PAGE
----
The 20-minute short was actually a feature for Jewish dialect comedian Nat Carr, who plays a tailor named Ginsberg: he’s irritated that the college boys have given him the nickname “Ripstitch the Tailor” but he can’t do anything about it because their suit orders represent his principal source of income. He’s being harassed by the typical evil landlord (Edgar Dearing) but he’s hopeful because Tait College’s new school year is about to start and he’s counting on the frat boys to buy so many suits for the upcoming start-of-the-year rally he’ll be able to pay off his debt. Only the frat boys got waylaid on the train coming into town: they got into a craps game with an African-American porter (when this character first appeared he had a disgusted look on his face while the white kids were playing what was supposed to be a jazz number, and I joked that what he was really thinking was, “Oh, no, not more white boys who think they can swing”) and lost not only their money but the ukuleles and other musical instruments they’d been playing. When the train enters a tunnel (the shots of the train moving are obviously stock footage, but director Ray McCarey and editor John F. Link cut them in so smoothly they’re believable) the kids jump the Black guy and get the instruments back and start their jam session over again. The frat boys eventually arrive in town and they’re so broke they don’t even have a car; they’re driving around in a horse-drawn cart reading “Transfer” (1930’s-speak for a moving company) and they arrive at Ginsberg’s just after he’s serviced another college kid in a baggy suit he insists “fits like a glove” and caught the kid just as he was about to walk out of his store without paying. (The kid reaches into his new suit and gets out his wallet to give Ginsberg the money; one wonders how the wallet got there if it’s a suit he’s never worn before.)
Then the landlord shows up and after him Ginsberg gets the college kids, who explain that they’re broke — but he agrees to make them the suits anyway in hopes they’ll find a way to pay him for them. The kids meet back at their frat house and sing a song (apparently based on the University of Maine “Stein Song” that was a hit for Rudy Vallée, America’s most popular male singer until Crosby replaced him) hailing Ripstitch the Tailor; Crosby is featured on the song’s middle-eight section but otherwise this is the sort of film in which a person who later became a superstar is lost in the crowd: you hear his familiar speaking voice, look around for him, spot him and say, “Oh, there he is.” Eventually the kids find money they held back from the Black crapshooter on the train and pool their resources so they’re within $100 of paying Ginsberg’s bill; they jump a heavy-set fellow student (Tom Hanlon) who just happened to ask them to break it when they needed exactly that much money; they pay off Ginsberg, Ginsberg pays off his landlord, and Ginsberg’s daughter Mary (Thelma Hill) gets Spec (Spec O’Donnell), the head of the fraternity.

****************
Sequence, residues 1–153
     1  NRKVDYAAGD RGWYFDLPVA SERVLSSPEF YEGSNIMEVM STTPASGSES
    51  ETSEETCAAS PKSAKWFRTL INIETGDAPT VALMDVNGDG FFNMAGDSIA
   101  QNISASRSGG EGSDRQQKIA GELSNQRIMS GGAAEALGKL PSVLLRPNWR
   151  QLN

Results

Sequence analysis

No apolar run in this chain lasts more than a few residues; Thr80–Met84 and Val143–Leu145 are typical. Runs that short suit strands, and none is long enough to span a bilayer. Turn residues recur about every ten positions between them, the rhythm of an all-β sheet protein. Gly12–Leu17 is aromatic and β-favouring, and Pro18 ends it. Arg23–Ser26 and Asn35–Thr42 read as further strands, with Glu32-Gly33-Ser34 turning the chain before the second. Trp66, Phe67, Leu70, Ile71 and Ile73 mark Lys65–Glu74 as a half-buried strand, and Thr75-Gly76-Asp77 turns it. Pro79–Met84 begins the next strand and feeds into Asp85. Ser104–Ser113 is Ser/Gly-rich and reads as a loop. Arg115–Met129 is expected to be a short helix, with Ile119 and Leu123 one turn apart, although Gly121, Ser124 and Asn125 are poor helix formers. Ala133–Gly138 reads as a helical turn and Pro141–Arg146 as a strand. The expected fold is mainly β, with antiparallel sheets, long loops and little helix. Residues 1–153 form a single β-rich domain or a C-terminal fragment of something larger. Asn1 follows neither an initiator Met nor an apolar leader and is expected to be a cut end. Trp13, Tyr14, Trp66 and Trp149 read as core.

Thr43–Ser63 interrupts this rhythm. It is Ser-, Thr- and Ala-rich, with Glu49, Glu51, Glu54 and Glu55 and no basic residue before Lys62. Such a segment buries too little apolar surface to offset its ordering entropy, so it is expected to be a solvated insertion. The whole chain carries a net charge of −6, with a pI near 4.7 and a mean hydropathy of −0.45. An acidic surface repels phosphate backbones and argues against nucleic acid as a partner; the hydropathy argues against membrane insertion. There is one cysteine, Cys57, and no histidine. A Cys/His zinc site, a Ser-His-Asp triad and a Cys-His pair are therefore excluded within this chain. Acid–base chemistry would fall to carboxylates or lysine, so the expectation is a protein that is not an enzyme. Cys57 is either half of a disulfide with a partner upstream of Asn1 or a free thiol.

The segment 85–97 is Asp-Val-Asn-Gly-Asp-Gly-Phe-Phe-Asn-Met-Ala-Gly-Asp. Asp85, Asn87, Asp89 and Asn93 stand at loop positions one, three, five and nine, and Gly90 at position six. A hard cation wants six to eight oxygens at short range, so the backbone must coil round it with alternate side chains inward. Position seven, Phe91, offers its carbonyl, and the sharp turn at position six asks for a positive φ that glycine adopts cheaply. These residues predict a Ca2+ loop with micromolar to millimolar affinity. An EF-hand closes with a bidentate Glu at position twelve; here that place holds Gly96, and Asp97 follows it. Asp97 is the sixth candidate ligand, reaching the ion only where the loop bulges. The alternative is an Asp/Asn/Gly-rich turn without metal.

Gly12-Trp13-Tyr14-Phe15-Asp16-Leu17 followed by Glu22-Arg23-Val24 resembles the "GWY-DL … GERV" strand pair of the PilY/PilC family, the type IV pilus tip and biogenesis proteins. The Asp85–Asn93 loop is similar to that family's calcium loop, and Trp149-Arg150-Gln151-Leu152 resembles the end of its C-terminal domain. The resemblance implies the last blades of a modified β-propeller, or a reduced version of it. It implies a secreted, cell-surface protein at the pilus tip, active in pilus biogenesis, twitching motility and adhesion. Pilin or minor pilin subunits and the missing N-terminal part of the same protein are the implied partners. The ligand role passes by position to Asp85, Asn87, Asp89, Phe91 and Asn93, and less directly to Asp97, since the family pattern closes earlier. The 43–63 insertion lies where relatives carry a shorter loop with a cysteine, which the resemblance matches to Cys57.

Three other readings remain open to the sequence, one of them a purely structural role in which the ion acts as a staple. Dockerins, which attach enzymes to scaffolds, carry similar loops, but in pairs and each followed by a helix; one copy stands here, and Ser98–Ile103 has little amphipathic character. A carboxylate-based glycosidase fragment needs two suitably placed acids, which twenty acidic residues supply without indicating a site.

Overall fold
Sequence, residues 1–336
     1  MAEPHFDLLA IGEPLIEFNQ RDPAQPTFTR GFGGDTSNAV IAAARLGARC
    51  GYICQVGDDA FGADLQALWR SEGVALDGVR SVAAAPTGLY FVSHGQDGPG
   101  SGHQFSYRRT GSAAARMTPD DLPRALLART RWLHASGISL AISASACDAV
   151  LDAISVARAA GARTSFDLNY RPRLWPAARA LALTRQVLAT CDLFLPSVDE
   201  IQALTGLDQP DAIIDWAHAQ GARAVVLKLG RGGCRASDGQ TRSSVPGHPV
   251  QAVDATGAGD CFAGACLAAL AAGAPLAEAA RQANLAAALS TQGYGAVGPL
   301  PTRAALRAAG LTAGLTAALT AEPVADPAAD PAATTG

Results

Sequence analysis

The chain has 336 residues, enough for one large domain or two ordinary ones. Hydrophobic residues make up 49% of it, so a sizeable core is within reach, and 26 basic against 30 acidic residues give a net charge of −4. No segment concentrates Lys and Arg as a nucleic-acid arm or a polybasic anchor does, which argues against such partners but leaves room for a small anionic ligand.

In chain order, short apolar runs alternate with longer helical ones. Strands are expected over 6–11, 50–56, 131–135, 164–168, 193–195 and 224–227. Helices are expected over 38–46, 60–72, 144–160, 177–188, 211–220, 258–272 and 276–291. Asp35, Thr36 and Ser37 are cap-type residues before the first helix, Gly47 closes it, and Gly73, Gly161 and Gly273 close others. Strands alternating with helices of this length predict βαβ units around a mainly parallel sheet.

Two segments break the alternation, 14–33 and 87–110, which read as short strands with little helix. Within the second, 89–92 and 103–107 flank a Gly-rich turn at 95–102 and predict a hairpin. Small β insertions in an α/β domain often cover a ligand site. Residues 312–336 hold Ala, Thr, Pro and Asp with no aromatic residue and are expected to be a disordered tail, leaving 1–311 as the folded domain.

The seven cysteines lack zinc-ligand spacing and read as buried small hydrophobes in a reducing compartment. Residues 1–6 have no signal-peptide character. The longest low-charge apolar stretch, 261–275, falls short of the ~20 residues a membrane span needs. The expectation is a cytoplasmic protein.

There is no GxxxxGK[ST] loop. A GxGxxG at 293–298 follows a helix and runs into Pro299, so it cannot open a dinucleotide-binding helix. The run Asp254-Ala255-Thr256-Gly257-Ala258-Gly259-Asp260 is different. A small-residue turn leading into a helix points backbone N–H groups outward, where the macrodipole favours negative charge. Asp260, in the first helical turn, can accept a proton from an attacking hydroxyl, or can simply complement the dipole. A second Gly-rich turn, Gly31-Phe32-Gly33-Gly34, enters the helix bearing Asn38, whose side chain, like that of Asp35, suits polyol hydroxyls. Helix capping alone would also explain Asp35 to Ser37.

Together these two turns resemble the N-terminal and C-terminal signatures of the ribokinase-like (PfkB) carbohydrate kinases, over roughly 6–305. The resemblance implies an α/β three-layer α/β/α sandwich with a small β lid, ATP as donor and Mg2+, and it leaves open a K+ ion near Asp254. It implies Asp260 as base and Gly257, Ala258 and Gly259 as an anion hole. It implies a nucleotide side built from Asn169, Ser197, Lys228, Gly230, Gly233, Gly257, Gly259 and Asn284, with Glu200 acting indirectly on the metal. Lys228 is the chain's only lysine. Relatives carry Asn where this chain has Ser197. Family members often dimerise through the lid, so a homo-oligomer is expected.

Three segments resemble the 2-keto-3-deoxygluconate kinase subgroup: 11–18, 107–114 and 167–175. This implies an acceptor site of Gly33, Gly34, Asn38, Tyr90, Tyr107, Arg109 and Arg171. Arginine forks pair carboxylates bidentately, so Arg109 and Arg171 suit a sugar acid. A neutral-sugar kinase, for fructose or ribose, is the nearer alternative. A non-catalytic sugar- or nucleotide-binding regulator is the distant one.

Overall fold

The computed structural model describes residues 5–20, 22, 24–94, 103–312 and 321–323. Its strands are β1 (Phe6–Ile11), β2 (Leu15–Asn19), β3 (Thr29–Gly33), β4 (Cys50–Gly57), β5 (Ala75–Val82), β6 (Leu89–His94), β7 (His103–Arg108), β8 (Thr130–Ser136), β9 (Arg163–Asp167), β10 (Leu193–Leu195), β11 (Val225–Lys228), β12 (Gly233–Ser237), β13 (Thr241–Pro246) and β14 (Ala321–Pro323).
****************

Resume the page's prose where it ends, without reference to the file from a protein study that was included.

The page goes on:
Two Plus Fours isn’t all that funny — Nat Carr’s Jewish-dialect humor is very dated — and the laughs it does have are more from situations than gags, but it’s charming and clever throughout and has at least two good gags: when one of the students sees Ginsberg’s signs — “Don’t Use the Phone,” “Don’t Ask for Credit,” and “Don’t Call Me ‘Ripstitch’” — and neatly slices off the word “don’t” from each sign with his pocket knife; and at the end in which the transfer cart and the horse pulling it are decorated with frat-house symbols the way the kids’ car would be if they could afford one. It’s a curio for Crosby fans — no doubt if Bing hadn’t been in it, it would still be moldering away in a vault somewhere — and one oddity is that the credits make it seem like a Hal Roach production in exile: the director is Ray (Raymond) McCarey, and the “supervising producer” is Fred Guiol (a protégé of George Stevens who rose to become a director himself at Roach and RKO in the mid-1930’s, then quit and went back to working as Stevens’ assistant and one of his regular screenwriters). Ray McCarey was the far less famous brother of director Leo McCarey, whom Bing Crosby would work with in the 1940’s on two of either man’s biggest hits: Going My Way and its sequel, The Bells of St. Mary’s.